Later, he travelled for an aroid conference in Colombia where he would organize a side trip with a colleague from Missouri Botanical Garden and together they would go on to climb a previously unexplored mountain that no botanist had ever summitted in a park that hadn't been open to the public in 49 years!

Mick has also been able to travel across the country to some of the best Botanical collections in the US, where he’s met with some expert curators and seen not only exceptional private collections but also extensive herbarium collections. Just recently he returned from another expedition to Suriname, where he had the opportunity to see many species, some of which he had been trying to see in situ ever since he started his botanical journey.

In the last few weeks, Mick has just completed a move to Miami, where he now has the chance to be in closer proximity to many of the nation’s best plant communities, including one of his favourite groups, The International Aroid Society, whose focus is predominantly plants in the family Araceae, which encompasses common genera like Philodendron, Monstera.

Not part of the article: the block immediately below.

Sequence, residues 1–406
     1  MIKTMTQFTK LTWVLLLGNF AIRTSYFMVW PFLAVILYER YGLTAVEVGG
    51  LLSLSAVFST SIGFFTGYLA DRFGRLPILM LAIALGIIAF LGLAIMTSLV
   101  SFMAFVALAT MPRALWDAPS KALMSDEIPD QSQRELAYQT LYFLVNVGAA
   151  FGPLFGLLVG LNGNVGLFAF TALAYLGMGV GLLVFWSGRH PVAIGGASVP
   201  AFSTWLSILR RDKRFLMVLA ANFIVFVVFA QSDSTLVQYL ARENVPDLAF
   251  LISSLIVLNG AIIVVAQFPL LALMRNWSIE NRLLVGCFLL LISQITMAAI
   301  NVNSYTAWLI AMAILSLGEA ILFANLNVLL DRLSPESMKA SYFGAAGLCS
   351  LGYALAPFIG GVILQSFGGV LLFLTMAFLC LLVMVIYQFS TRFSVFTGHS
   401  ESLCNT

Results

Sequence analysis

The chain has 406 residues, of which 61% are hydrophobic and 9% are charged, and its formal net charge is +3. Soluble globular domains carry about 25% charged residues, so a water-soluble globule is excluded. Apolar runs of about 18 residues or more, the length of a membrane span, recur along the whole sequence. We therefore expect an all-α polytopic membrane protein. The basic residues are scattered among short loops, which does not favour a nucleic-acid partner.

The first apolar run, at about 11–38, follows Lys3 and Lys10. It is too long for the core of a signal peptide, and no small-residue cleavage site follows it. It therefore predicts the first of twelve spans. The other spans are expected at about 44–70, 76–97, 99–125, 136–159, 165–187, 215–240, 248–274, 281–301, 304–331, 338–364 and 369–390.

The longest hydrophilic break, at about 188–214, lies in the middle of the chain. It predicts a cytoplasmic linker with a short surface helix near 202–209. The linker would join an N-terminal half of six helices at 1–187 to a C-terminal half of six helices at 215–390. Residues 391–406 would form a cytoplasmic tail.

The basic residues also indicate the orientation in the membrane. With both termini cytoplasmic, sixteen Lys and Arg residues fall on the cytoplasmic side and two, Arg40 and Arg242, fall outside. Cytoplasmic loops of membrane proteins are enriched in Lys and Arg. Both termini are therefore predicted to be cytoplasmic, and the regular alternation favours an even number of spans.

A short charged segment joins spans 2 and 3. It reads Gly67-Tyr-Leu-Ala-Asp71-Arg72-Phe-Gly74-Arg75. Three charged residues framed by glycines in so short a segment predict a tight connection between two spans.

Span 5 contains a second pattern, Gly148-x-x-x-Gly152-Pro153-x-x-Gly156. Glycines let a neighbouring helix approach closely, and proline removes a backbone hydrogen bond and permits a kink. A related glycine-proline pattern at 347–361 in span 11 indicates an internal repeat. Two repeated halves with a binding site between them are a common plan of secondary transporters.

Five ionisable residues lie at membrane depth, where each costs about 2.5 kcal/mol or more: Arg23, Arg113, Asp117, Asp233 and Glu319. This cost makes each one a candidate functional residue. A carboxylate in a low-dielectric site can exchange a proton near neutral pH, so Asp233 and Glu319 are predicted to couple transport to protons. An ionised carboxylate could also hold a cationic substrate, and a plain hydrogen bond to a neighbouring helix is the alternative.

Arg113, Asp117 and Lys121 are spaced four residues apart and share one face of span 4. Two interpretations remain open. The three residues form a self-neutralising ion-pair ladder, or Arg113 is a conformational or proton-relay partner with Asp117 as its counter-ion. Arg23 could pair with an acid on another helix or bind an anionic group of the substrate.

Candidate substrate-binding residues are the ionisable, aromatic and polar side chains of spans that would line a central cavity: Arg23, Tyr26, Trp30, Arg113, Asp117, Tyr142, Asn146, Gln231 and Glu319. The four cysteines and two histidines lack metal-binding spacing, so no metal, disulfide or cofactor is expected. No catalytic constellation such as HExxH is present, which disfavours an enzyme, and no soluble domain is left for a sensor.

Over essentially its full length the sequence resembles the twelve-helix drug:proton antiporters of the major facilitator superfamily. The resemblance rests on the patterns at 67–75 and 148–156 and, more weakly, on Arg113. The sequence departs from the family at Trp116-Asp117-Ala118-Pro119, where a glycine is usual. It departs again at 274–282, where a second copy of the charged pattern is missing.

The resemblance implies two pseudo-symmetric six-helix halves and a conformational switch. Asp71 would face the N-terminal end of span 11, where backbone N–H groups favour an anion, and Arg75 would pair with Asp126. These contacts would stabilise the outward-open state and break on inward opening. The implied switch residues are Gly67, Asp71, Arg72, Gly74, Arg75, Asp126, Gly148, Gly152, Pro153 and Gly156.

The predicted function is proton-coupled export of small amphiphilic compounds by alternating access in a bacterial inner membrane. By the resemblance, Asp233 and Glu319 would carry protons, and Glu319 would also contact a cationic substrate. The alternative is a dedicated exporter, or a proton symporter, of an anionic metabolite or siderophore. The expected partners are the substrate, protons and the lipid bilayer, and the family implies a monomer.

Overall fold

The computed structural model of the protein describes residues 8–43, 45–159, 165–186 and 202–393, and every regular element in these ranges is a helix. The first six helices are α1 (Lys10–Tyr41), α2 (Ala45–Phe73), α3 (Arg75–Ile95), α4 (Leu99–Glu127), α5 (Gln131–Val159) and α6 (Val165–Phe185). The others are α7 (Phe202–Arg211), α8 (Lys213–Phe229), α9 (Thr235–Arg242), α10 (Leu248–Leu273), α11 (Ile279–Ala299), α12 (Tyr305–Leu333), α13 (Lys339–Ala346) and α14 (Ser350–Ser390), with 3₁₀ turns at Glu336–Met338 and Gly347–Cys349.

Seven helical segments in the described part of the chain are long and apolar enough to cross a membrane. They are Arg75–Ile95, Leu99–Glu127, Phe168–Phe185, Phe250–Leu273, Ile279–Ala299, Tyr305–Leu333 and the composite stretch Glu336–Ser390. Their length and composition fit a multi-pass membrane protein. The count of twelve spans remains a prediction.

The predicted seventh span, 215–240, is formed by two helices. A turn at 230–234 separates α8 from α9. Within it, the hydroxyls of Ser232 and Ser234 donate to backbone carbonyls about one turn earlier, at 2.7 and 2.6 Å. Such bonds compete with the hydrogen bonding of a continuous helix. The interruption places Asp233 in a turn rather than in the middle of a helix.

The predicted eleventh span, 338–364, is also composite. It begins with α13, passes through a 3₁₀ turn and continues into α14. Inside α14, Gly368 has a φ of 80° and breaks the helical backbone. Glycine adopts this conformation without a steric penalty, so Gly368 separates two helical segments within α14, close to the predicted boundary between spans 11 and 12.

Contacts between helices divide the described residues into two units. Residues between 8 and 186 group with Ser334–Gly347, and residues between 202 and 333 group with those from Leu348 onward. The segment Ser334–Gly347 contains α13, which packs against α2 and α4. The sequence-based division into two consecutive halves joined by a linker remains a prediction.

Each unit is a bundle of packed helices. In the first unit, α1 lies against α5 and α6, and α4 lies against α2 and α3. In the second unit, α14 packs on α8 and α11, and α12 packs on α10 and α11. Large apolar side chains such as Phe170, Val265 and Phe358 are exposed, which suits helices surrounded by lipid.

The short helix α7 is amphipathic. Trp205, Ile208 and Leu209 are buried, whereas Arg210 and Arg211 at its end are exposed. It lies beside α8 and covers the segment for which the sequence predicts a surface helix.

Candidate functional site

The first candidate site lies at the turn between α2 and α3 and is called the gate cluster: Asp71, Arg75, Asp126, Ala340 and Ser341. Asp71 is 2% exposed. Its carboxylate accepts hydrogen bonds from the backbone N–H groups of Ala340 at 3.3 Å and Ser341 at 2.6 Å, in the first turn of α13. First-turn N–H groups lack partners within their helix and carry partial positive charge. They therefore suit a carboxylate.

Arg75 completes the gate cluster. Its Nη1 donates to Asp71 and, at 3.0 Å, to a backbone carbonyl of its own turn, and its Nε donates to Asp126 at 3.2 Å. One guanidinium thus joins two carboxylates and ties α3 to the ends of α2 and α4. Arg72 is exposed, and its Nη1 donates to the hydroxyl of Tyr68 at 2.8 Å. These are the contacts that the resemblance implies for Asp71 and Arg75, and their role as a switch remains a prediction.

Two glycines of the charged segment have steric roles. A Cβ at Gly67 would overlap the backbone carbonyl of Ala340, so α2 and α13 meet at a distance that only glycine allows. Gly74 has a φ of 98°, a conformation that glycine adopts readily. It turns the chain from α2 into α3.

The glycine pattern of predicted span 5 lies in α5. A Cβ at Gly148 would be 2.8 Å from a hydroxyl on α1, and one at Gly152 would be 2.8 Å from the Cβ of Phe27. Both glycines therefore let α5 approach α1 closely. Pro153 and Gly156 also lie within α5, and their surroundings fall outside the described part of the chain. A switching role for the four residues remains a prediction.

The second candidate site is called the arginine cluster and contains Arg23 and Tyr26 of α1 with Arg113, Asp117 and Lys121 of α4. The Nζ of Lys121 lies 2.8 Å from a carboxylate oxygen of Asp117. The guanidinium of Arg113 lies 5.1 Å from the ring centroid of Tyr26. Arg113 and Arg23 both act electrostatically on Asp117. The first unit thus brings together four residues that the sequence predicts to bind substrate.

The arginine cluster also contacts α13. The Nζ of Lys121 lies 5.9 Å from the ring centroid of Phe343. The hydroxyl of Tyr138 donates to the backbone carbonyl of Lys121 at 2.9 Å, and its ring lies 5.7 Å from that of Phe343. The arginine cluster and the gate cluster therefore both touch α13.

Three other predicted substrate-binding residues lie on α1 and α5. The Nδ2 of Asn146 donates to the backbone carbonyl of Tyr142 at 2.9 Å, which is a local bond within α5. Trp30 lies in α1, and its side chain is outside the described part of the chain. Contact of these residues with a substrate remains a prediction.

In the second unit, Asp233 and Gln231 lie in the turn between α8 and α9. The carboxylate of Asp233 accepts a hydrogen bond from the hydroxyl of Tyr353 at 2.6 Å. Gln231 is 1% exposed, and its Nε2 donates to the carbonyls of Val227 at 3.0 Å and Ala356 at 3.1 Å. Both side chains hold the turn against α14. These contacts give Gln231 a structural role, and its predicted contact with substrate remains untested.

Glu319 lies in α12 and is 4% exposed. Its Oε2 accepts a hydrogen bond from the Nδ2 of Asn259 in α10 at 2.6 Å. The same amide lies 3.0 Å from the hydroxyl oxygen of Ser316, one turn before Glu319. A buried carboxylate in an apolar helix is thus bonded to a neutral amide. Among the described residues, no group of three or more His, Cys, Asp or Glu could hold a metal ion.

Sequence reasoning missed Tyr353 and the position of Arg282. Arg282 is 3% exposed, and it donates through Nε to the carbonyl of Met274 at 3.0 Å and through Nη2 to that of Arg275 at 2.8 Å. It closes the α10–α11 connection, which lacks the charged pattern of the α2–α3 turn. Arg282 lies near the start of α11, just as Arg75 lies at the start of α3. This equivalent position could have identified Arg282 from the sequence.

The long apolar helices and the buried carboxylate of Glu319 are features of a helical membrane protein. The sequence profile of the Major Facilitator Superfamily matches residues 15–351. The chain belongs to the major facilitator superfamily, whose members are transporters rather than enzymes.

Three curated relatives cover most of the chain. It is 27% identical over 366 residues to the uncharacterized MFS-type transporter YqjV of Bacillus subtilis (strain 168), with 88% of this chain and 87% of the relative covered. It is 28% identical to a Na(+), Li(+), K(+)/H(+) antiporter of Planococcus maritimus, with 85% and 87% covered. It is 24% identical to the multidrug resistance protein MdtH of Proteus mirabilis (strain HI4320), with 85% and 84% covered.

For the time being, Mick is trying to find a position either at the world renowned Fairchild Tropical Botanical Garden or at Montgomery Botanical Centre in an attempt to create a more impactful change on the world of botany and conservation.

So let's get into the questions....

When thinking of conservation, many people will often think of the animal kingdom, but why is plant conservation also an important issue?

Plants represent an enormous percentage of the living biomass on earth and their protection is often intrinsically tied to healthy ecosystem function. The question of why are plants important is also part of the problem, there is a pervasive ignorance held by the general public towards plant conservation that is damaging towards conservation efforts. Just like with other wildlife, when an organism doesn’t fall under the banner of charismatic megafauna, then it doesn’t get as much attention as its more amicable counterparts.

However the issue with plants is that, if they are not edible or ornamental then they effectively do not exist in the eyes of the general public. Therefore there is no sense of loss or sadness when one goes extinct. According to the IUCN, in the last two years over a 120 plant species have gone extinct, but not one made headlines. All you have to do is compare that to the loss of the last male Northern White Rhino, which made headlines for weeks… Realistically, one can’t expect the world to mourn an undescribed bryophyte species the same as they do a much more personable Rhino.